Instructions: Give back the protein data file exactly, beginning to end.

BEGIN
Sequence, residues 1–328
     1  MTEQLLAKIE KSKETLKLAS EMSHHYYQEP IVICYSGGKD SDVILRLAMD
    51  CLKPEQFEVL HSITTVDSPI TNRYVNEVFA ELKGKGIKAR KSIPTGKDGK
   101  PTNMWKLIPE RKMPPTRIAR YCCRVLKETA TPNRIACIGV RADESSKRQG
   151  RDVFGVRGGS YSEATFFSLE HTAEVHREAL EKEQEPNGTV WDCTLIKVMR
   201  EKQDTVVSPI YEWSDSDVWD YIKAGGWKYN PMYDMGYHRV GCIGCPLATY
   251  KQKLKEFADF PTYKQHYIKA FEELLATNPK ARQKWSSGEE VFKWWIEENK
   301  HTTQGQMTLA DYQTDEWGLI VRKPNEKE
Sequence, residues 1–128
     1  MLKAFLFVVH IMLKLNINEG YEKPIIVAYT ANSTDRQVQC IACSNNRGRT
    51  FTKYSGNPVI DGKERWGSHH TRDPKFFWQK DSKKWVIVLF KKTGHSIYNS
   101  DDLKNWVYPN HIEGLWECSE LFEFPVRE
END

Sequence, residues 1–328
     1  MTEQLLAKIE KSKETLKLAS EMSHHYYQEP IVICYSGGKD SDVILRLAMD
    51  CLKPEQFEVL HSITTVDSPI TNRYVNEVFA ELKGKGIKAR KSIPTGKDGK
   101  PTNMWKLIPE RKMPPTRIAR YCCRVLKETA TPNRIACIGV RADESSKRQG
   151  RDVFGVRGGS YSEATFFSLE HTAEVHREAL EKEQEPNGTV WDCTLIKVMR
   201  EKQDTVVSPI YEWSDSDVWD YIKAGGWKYN PMYDMGYHRV GCIGCPLATY
   251  KQKLKEFADF PTYKQHYIKA FEELLATNPK ARQKWSSGEE VFKWWIEENK
   301  HTTQGQMTLA DYQTDEWGLI VRKPNEKE
Sequence, residues 1–128
     1  MLKAFLFVVH IMLKLNINEG YEKPIIVAYT ANSTDRQVQC IACSNNRGRT
    51  FTKYSGNPVI DGKERWGSHH TRDPKFFWQK DSKKWVIVLF KKTGHSIYNS
   101  DDLKNWVYPN HIEGLWECSE LFEFPVRE